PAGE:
Jorge Cantu is a pretty good hitter. In 2009, he hit .289/.345/.443 for a .788 OPS. However, baseball does not require a pitcher to face Jorge Cantu every at-bat. They'll have to face some better players, and more often some worse players, for an overall average opposing batter much worse than Jorge Cantu. Why is this relevant? Because in 2009 Pedro Feliciano did face Jorge Cantu every time he pitched.
Of course not literally, but for pitchers with a minimum of fifty innings pitched, Pedro Feliciano faced hitters with an average OPS higher than any other pitcher in baseball (.796, actually higher than Cantu's). And what did Feliciano do to these hitters? He held them to a .231/.288/.394 average. He basically turned Jorge Cantu into a worse version of Omir Santos. While DIPS theory is important, it would only credit Feliciano, as he was not at all benefiting from anything resembling a quality defense.
Feliciano's other numbers reflect his dominance in 2009. He had a 3.55 FIP, a 3.05 xFIP, and 3.44 tRA (the lowest of his career), all while facing some of the most stealth competition in baseball. Sure, the batters Feliciano saw were most likely at a disadvantage in terms of handedness, but this is irrelevant. In fact, this is what we should be commending Feliciano for: being able to turn good hitters into bad ones by exploiting weaknesses.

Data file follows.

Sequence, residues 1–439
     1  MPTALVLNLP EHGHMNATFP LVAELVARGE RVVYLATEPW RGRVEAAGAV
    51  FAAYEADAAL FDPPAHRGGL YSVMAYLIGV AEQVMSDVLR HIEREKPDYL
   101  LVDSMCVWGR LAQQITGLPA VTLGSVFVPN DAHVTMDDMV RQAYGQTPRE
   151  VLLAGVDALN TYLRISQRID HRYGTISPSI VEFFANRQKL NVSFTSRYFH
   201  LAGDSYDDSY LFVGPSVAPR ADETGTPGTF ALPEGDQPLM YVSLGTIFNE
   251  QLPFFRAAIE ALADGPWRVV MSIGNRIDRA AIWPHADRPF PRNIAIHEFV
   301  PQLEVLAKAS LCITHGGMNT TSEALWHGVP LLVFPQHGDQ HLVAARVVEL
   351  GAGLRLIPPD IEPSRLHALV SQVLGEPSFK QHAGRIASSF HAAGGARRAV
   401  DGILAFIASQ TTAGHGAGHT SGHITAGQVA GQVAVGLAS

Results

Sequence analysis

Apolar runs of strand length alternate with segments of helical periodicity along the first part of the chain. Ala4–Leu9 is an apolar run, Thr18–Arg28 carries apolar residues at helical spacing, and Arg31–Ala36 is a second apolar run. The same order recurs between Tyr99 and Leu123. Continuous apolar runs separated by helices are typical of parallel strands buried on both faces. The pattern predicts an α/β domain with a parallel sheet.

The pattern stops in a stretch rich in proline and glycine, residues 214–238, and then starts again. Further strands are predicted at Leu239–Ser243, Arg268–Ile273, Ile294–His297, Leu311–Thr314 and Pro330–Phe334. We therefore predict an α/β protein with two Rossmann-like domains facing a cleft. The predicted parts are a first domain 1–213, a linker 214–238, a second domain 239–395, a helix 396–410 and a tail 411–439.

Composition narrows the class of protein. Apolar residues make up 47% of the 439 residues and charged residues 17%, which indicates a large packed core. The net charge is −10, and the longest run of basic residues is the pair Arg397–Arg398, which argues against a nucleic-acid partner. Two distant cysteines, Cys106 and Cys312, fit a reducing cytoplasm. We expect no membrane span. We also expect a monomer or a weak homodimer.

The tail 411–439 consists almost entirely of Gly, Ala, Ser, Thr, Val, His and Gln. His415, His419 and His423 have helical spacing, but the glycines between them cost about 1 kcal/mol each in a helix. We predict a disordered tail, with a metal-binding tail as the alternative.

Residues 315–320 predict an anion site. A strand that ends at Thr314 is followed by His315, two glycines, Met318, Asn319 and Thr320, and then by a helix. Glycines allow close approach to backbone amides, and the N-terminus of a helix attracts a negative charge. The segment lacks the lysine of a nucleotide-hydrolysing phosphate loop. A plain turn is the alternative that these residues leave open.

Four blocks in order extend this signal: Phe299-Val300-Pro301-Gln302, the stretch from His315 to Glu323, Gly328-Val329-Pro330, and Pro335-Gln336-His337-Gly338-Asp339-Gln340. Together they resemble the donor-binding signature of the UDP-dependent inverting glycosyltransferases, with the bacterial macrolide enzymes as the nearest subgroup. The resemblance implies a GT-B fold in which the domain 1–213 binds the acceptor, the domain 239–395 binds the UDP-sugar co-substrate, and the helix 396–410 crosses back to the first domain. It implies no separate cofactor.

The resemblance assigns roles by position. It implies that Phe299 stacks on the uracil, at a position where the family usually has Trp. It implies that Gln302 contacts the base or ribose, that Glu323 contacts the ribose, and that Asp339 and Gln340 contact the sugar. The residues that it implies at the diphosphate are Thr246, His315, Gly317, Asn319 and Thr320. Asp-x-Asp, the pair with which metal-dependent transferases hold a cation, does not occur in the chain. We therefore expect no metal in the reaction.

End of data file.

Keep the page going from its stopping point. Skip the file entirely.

What's also important is when Feliciano pitched. He was usually in close games facing the superstar players on the opposing teams (i.e. Ryan Howard, Adam Dunn, Brian McCann, etc.), giving him a WPA of 1.91, the highest of his career by .7. Here are Feliciano's 2009 splits:
Righties: 4.49 xFIP, 5.19 FIP, 1.59 K/BB, 21.8 LD%, 43.6 GB%
Lefties: 2.40 xFIP, 2.80 FIP, 6.83 K/BB, 12.3 LD%, 63.2 GB%
I also think a fundamental problem with LOOGY analysis is that their value is not properly assessed via WAR thanks to the relatively small amount of innings they pitch. Feliciano was only worth .6 WAR last year (.4 less than Santos), but was clearly more "valuable" than that. While fWAR does take into account leverage index, it's still difficult to buy the final numbers. For a more detailed conversation on that issue, look here.
Feliciano's 2009 was great. He got batters to swing at pitches outside the strike zone (28.9% of the time), turning above average hitters into career minor leaguers at the most important stages of the game. If the Mets are playing more competitive baseball in 2010, maybe his late game excellence will be realized even more.
Pat Andriola is a writer for The Hardball Times. You can contact him at Patrick.Andriola@tufts.edu or on Twitter @tuftspat.